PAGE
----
GOOD

NASA Challenges Students to Train Like Astronauts

Astronauts need brains and muscles to spacewalk.


Everybody knows that if you want to be an astronaut, you need to have top-notch math and science skills. But astronauts also need the strength and muscle coordination to navigate a zero-gravity environment, so even the best students can't cut it at NASA unless their bodies are in top shape, too. To help the next generation of students become physically and mentally prepared to be astronauts, NASA is taking a page out of First Lady Michelle Obama's fitness playbook and launching the Train Like an Astronaut project.

The program, which is developed by the same NASA scientists and fitness professionals that work with current astronauts, provides "structured, hands-on science activities" and connects "physical Earth-based needs to the requirements of exploring space." Each mission—"Do a Spacewalk," for example—contains a student-friendly "mission briefing, mission assignment, and mission purpose, plus vocabulary and related NASA facts," as well as information about proper nutrition. The missions and corresponding teachers' guides are downloadable in both English and Spanish, and are aligned with health and physical fitness education standards.


Charles Lloyd, NASA's human research program education and outreach manager, says one of NASA's goals is "to inspire our youth to stay in school and master professions in the sciences and engineering fields" so they can carry on the important work of space exploration. Let's hope Train Like an Astronaut catches on in schools so we can ensure there's a next generation of fit explorers.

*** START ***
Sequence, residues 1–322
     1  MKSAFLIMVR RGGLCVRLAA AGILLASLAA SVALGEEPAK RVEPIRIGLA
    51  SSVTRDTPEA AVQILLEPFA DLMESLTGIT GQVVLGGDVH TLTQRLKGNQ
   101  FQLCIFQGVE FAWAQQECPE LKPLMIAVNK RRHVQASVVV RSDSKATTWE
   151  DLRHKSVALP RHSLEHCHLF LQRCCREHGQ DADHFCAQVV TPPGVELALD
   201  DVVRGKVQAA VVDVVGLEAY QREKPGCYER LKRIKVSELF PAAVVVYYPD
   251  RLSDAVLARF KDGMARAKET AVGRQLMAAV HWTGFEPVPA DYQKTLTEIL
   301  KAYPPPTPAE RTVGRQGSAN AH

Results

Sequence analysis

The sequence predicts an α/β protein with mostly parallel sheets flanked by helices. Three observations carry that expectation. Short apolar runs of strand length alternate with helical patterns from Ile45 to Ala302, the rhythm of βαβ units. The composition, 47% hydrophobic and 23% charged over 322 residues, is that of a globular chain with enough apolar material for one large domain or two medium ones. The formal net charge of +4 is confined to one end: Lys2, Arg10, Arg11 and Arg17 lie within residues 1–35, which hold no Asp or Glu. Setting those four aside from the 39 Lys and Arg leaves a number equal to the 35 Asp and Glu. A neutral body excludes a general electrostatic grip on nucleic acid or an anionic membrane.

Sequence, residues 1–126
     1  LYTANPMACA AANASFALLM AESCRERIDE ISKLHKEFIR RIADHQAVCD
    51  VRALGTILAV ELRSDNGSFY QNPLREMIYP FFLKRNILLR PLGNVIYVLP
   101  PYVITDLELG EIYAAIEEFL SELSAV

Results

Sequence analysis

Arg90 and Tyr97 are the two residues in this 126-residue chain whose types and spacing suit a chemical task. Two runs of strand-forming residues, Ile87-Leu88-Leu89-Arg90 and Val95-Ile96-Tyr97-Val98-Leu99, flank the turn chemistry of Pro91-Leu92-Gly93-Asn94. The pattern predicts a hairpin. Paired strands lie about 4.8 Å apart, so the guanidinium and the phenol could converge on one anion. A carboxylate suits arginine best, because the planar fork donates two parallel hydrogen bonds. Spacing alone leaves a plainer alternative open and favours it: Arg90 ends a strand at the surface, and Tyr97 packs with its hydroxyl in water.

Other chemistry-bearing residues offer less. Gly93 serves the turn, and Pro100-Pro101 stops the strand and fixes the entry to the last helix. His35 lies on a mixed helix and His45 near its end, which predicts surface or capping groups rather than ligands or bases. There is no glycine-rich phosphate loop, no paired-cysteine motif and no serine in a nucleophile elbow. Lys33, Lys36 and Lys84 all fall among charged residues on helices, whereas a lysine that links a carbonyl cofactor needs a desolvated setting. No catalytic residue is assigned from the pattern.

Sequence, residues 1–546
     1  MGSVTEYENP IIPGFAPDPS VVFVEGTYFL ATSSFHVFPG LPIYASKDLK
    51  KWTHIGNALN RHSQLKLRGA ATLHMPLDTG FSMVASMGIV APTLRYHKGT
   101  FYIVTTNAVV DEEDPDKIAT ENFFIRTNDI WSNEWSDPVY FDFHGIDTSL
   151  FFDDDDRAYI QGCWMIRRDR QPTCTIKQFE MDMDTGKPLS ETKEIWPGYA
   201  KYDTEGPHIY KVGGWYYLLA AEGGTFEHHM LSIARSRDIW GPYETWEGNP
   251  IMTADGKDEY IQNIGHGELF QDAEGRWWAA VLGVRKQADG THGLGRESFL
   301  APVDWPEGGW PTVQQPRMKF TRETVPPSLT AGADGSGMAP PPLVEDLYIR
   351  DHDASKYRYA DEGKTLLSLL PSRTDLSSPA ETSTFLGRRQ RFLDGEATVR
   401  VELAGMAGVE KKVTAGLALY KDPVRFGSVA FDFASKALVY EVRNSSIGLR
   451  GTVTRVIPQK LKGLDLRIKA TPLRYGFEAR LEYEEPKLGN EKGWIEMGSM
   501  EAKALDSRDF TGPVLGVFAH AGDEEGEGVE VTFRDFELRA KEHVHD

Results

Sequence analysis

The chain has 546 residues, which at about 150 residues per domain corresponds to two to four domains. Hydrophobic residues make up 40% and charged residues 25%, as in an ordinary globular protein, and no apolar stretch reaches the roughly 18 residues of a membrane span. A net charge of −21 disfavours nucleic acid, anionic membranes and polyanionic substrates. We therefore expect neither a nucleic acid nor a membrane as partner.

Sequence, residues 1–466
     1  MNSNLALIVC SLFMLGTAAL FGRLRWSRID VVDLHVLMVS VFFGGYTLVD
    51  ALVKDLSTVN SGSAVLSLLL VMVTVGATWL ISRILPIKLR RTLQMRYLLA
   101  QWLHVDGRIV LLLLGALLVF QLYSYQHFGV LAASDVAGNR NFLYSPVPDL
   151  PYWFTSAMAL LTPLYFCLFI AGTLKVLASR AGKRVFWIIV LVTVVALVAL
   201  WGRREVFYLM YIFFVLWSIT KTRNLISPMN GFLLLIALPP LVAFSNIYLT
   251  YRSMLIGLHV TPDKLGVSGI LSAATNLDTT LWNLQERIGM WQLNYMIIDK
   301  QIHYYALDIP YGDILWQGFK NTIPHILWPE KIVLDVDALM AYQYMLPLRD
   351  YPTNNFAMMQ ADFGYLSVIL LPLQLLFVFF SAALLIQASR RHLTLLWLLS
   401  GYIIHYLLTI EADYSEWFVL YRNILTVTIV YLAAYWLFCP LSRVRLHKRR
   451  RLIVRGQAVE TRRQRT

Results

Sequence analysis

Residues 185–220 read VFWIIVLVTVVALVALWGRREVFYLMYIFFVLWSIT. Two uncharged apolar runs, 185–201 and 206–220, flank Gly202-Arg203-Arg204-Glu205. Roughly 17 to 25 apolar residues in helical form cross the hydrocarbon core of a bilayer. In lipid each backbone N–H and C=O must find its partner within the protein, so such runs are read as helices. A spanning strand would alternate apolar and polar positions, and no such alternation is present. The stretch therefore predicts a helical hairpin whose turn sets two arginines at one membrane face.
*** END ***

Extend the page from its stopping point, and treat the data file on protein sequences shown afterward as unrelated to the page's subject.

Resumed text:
Articles
via

Seventy-five years ago, on January 27, 1945, the Soviet Army liberated the Auschwitz concentration camp operated by Nazi Germany in occupied Poland.

Auschwitz was the deadliest of Nazi Germany's 20 concentration camps. From 1940 to 1945 of the 1.3 million prisoners sent to Auschwitz, 1.1 million died. That figure includes 960,000 Jews, 74,00 non-Jewish Poles, 21,000 Roma, 15,000 Soviet prisoners of war, and up to 15,000 other Europeans.

The vast majority of the inmates were murdered in the gas chambers while others died of starvation, disease, exhaustion, and executions.

Keep Reading
Culture
via Barry Schapiro / Twitter

The phrase "stay in your lane" is usually lobbed at celebrities who talk about politics on Twitter by people who disagree with them. People in the sports world will often get a "stick to sports" when they try to have an opinion that lies outside of the field of play.

Keep Reading
Culture
via Stu Hansen / Twitter

In a move that feels like the subject line of a spam email or the premise of a bad '80s movie, online shopping mogul Yusaku Maezawa is giving away money as a social experiment.

Maezawa will give ¥1 million yen ($9,130) to 1,000 followers who retweeted his January 1st post announcing the giveaway. The deadline to retweet was Tuesday, January 7.

Keep Reading
Business